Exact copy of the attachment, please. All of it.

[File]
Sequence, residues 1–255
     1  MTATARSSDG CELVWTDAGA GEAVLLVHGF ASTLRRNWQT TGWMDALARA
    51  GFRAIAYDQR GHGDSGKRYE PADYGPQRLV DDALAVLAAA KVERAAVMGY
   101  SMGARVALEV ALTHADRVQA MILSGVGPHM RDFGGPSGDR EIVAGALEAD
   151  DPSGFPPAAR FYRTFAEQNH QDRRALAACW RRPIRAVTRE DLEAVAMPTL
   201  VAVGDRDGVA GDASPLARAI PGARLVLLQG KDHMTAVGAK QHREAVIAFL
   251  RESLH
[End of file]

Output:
Sequence, residues 1–255
     1  MTATARSSDG CELVWTDAGA GEAVLLVHGF ASTLRRNWQT TGWMDALARA
    51  GFRAIAYDQR GHGDSGKRYE PADYGPQRLV DDALAVLAAA KVERAAVMGY
   101  SMGARVALEV ALTHADRVQA MILSGVGPHM RDFGGPSGDR EIVAGALEAD
   151  DPSGFPPAAR FYRTFAEQNH QDRRALAACW RRPIRAVTRE DLEAVAMPTL
   201  VAVGDRDGVA GDASPLARAI PGARLVLLQG KDHMTAVGAK QHREAVIAFL
   251  RESLH